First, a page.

Attorney Generals from 44 states have filed a lawsuit accusing America’s largest drug manufacturers of conspiring to artificially inflate prices for more than 100 different generic medications by up to 1,000 per cent.
The suit filed in federal court in Connecticut on Friday implicates 20 pharmaceutical firms, including Teva, Pfizer, Novartis and Mylan, as well as 15 individual senior executives responsible for sales, marketing and pricing.
‘We have hard evidence that shows the generic drug industry perpetrated a multibillion dollar fraud on the American people,’ Connecticut Attorney General William Tong told the Associated Press.
‘We have emails, text messages, telephone records and former company insiders that we believe will prove a multi-year conspiracy to fix prices and divide market share for huge numbers of generic drugs.’
Tong said the investigation had uncovered a primary reason why the cost of health care – and specifically generic prescription drugs – has been so high in this country.
The surging prices of prescription drugs have drawn the attention of a number of politicians across the political spectrum from President Donald Trump to liberal Democratic presidential candidate Sen Elizabeth Warren of Massachusetts.
Investigators said the drugs covered in the suit, which are used to treat an array of conditions including diabetes, cancer, arthritis, HIV and asthma, account for billions of dollars of sales in the US.
‘We all know that prescription drugs can be expensive,’ New Jersey Attorney General Gurbir S Grewal said in a statement. ‘Now we know that high drug prices have been driven in part by an illegal conspiracy among generic drug companies to inflate their prices.’
Attorneys general from 44 states filed a federal lawsuit on Friday in Connecticut accusing America’s largest drug manufacturers of conspiring to artificially inflate prices for more than 100 different generic medications by up to 1,000 percent (file photo)
The suit was filed by 43 states and Puerto Rico with Connecticut taking the lead in the probe.
It alleges that for many years these makers of generic drugs had operated under an agreement not to compete with each other and to settle instead for what these companies referred to as a ‘fair share’ of the market to avoid pushing prices down through competition.
The suit says that in 2012, companies decided to ‘take this understanding to the next level’, embarking on ‘one of the most egregious and damaging price-fixing conspiracies in the history of the United States’.
The companies allegedly sought not only to maintain their ‘fair share’ of the generic drug market but also to ‘significantly raise prices on as many drugs as possible’.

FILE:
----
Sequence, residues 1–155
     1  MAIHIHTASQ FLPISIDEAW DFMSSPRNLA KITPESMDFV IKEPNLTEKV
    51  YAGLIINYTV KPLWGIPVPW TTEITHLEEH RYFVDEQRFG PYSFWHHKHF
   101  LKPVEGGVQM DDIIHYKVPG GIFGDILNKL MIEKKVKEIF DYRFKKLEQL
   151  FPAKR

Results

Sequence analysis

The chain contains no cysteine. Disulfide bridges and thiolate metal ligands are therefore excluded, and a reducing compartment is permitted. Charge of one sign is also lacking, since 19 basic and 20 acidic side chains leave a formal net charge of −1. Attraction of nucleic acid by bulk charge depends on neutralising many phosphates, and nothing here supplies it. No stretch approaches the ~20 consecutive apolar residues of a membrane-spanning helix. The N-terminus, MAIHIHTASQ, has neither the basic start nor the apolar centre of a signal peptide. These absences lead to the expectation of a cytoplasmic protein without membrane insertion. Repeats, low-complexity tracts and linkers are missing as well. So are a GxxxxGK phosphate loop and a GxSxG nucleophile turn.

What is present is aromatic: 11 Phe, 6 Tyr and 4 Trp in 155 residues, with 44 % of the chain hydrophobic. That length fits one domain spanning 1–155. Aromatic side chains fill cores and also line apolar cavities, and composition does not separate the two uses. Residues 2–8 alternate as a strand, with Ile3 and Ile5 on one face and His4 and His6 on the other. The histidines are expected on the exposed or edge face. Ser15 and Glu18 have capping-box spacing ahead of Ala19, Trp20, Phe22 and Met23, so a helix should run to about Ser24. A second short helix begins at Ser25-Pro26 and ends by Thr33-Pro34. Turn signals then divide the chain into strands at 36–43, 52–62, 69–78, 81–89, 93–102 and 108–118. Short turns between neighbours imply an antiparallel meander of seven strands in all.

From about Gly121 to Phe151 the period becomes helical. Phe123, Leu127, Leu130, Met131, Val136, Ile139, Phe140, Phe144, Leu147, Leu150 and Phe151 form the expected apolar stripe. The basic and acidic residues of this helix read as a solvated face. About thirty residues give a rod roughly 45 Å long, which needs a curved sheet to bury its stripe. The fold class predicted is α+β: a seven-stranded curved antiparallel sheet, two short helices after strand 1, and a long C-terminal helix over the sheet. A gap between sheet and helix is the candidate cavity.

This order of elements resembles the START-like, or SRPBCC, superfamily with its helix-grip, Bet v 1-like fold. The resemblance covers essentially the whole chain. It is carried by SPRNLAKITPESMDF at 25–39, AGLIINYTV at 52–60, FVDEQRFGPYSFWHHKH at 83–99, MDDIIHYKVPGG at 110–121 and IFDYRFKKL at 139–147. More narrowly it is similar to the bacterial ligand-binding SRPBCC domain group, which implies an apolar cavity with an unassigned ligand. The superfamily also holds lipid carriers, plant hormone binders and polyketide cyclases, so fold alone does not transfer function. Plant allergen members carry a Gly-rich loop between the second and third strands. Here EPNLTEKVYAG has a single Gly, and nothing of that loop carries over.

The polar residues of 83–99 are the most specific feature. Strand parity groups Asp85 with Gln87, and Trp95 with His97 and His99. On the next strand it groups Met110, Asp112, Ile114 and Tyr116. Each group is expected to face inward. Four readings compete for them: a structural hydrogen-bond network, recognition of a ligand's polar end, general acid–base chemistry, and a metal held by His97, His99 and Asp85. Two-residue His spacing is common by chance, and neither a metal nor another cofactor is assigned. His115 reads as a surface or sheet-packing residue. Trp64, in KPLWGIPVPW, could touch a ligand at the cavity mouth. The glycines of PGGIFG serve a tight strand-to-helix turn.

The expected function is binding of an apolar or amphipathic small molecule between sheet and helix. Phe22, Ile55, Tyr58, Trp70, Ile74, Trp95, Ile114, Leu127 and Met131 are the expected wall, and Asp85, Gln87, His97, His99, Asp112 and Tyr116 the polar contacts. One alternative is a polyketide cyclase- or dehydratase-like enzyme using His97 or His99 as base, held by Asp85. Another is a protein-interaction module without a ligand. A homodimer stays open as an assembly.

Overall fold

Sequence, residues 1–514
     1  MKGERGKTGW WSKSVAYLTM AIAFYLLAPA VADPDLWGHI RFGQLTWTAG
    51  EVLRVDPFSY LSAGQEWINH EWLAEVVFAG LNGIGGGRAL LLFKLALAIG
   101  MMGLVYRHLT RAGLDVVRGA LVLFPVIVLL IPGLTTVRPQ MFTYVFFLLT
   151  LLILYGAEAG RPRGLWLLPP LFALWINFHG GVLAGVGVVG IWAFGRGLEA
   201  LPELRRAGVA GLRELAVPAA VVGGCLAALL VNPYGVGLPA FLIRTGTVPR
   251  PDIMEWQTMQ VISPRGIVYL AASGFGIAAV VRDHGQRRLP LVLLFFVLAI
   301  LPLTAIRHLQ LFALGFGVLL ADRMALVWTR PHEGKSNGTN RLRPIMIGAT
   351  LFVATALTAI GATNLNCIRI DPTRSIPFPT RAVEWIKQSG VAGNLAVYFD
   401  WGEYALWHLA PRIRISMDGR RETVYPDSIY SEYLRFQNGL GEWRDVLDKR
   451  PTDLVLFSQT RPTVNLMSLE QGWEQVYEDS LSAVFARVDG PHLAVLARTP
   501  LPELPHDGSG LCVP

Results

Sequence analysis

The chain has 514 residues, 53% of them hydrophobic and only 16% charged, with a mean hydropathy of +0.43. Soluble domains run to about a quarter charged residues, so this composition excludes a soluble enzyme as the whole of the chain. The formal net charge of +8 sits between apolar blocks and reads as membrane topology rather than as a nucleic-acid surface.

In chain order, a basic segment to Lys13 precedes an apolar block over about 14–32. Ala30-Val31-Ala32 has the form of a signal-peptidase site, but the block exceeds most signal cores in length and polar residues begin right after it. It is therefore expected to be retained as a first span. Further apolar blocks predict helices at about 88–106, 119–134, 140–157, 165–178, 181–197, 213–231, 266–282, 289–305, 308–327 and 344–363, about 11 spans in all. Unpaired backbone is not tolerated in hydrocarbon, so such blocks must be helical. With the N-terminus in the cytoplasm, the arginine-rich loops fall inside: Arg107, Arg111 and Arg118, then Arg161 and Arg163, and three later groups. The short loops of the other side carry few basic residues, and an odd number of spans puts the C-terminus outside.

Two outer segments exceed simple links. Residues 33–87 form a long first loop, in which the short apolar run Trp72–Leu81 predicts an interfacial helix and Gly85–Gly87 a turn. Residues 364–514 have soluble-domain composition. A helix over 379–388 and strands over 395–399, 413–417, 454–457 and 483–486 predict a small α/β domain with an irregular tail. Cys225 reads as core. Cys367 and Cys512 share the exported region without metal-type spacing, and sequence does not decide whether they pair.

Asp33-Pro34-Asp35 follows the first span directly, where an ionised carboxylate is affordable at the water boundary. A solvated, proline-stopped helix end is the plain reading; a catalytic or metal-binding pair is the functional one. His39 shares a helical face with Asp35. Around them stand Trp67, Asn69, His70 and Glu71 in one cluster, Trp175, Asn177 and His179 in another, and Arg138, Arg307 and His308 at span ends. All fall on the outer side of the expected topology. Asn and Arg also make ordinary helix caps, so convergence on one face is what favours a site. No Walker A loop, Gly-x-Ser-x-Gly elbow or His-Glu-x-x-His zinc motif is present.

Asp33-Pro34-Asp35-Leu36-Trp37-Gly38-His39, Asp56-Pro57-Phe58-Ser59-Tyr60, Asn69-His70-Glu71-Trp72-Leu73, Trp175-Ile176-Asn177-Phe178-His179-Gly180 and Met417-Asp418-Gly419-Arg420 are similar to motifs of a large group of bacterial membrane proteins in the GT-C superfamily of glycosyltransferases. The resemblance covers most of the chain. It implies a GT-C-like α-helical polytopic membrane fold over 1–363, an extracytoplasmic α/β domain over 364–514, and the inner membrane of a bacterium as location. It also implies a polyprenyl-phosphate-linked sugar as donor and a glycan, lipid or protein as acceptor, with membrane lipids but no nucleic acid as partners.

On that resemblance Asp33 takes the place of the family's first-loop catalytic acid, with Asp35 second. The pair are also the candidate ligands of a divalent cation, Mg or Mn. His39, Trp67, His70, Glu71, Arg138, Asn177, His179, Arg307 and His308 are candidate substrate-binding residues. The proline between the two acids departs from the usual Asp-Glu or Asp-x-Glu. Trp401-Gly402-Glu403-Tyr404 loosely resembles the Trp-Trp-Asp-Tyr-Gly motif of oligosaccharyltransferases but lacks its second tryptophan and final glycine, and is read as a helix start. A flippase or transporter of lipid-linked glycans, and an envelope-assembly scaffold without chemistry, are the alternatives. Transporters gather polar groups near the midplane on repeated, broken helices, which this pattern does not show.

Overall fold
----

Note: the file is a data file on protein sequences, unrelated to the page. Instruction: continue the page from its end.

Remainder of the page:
Teva Pharmaceuticals USA Inc, a wholly owned subsidiary of Israeli-based Teva Pharmaceuticals Industries Ltd, is named as the leading firm behind the conspiracy.
To accomplish this goal, the suit says Teva selected a core group of competitors with which it already had ‘very profitable collusive relationships’, and developed understandings to lead and follow each other’s price increases.
The suit contends that this resulted in ‘many billions of dollars of harm to the national economy over a period of several years’.
During a 19-month period beginning in July 2013, the suit says Teva significantly raised prices on approximately 112 different generic drugs and on at least 86 of those drugs colluded with a group it referred to as ‘high quality’ competitors.
The suit says that the size of the price increases varied but was over 1,000 percent for a number of the drugs.
It claims the defendants knew their conduct was unlawful and usually chose to communicate in person or by cell phone ‘in an attempt to avoid creating a written record of their illegal conduct’.
‘When communications were reduced to writing or text messages, defendants often took overt and calculated steps to destroy evidence of those communications,’ the suit states.
Officials are asking for the court to find that the defendants’ actions violated federal and state antitrust and consumer protection laws.
The suit seeks a permanent injunction preventing the companies from continuing the conduct as well as reimbursement of profits from the actions and damages to be paid to the state agencies and consumers who were harmed by the drug company practices.
Teva Pharmaceuticals USA Inc is named as the leading firm behind the conspiracy to inflate and manipulate drug prices. The Israel-based company’s New Jersey headquarters is pictured
A spokesman for Teva said the firm hasn’t engaged in any conduct that would lead to civil or criminal liability.
‘The allegations in this new complaint, and in the litigation more generally, are just that – allegations,’ Kelley Dougherty, a Teva vice president, said in a statement Saturday.
‘The company delivers high-quality medicines to patients around the world and is committed to complying with all applicable laws and regulations in doing so.’
Teva came under fire last year for charging $18,375 for a bottle of 100 pills used to treat a rare medical condition known as Wilson disease.
Mylan received similar backlash when it raised the price of a two-injection EpiPen set from $100 to $600.
Pfizer also denied any wrongdoing in a statement on Saturday, saying that Greenstone, a Pfizer subsidiary that produces generic drugs, ‘has been a reliable and trusted supplier of affordable generic medicines for decades and intends to vigorously defend against these claims’.
This is the second lawsuit to be filed in connection with the investigation launched in 2014. The first suit filed in 2016 named 18 corporate defendants and two individual defendants.
Two former drug company executives entered into settlement agreements in that case and are now cooperating with investigators.